Fall 2009

Edited by Blas Falconer | Amy Wright



Poetry

Risen from the Underworld

Patricia Clark


Arranged on slabs of sedimentary rock, rough-edged,
                                                    beige-gray with umber streaks,
          circle of three figures sitting upright, holding knees in postures of
                              deep concentration as though facing
each other over a glittering pool or a campfire,
                       finding contemplation in its flames.

 Gray silvered stainless steel letters form their
                                human husks—heads, necks and backs, shoulders, arms. 

            I imagine them risen up, like smoke, from the underworld,
journeying here to pause, immobile, as though to instruct us in some
                                           kindred wisdom—

 like knights whose questing days have gone, heavy chain-
                    mail armor exchanged for lighter stuff worn now as skin.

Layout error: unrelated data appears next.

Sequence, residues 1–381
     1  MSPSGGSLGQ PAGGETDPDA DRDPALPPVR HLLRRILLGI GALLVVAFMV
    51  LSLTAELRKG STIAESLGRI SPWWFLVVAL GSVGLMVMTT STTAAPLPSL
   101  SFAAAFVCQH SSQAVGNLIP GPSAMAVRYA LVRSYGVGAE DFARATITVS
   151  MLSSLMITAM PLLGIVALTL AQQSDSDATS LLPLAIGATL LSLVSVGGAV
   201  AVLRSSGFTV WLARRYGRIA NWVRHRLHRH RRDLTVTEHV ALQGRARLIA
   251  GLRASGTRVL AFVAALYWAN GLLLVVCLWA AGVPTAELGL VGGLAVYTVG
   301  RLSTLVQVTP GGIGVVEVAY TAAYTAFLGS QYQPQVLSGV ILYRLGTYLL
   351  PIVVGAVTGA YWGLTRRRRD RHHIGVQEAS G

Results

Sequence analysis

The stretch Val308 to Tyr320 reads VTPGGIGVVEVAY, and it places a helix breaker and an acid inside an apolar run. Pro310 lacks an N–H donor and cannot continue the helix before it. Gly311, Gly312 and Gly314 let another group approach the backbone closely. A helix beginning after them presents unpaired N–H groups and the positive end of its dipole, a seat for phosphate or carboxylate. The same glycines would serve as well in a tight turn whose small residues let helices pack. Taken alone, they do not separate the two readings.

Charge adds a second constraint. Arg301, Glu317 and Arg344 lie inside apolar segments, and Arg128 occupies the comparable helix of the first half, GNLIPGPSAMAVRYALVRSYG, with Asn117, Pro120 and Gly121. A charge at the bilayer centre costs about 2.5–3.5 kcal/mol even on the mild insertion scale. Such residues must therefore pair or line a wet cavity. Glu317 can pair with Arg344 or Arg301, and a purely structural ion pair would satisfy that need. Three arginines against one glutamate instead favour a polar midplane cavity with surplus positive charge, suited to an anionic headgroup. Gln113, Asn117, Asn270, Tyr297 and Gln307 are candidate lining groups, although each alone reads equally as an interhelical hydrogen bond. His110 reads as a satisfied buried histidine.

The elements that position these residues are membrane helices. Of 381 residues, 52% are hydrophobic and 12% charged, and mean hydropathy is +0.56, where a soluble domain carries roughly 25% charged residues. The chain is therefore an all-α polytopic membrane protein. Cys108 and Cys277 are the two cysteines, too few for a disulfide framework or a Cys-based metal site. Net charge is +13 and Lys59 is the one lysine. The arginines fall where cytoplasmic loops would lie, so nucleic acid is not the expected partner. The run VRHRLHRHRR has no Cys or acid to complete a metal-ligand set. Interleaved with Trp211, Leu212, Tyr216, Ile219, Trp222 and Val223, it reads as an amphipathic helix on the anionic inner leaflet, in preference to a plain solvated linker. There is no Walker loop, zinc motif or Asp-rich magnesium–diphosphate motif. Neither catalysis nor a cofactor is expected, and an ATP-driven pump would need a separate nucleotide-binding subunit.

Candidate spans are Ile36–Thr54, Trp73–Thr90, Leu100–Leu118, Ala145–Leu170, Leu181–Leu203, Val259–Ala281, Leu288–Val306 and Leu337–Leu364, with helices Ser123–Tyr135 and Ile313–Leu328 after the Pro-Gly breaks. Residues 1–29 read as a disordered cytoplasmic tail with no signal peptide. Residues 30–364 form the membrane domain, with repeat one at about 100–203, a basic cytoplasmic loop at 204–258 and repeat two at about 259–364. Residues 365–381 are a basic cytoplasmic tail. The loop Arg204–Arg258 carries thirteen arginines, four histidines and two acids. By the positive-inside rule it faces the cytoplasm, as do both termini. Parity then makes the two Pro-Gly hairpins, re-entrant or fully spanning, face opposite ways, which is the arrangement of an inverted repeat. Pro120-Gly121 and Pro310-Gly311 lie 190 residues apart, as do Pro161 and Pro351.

Not minding, they hunch without faces, mouths or eyes,
                    one indistinguishable from the other two.

 Perhaps they form a group of three muses—
                       quirky figures come to applaud efforts at speech,
           raw tries at understanding, while clouds go whiffing through the alphabet.

                                Stay seated here for eons in a green meadow,
                     trusting your own sweet time, they offer up,
                                         until thoughts and sentences swirl together from
           verbs, nouns, articles, particles.

Whoever they might be, uptilted on floes of Spanish stone,
           xeno-shapes posing quietly together, do they seem to
                                           yearn toward each other? Voices of those gone are drifting,
                      zigzagging through, a rough music laced with cicadas, grackles, flies. 

                                               (after Jaume Plensa’s I, You, She, or He)




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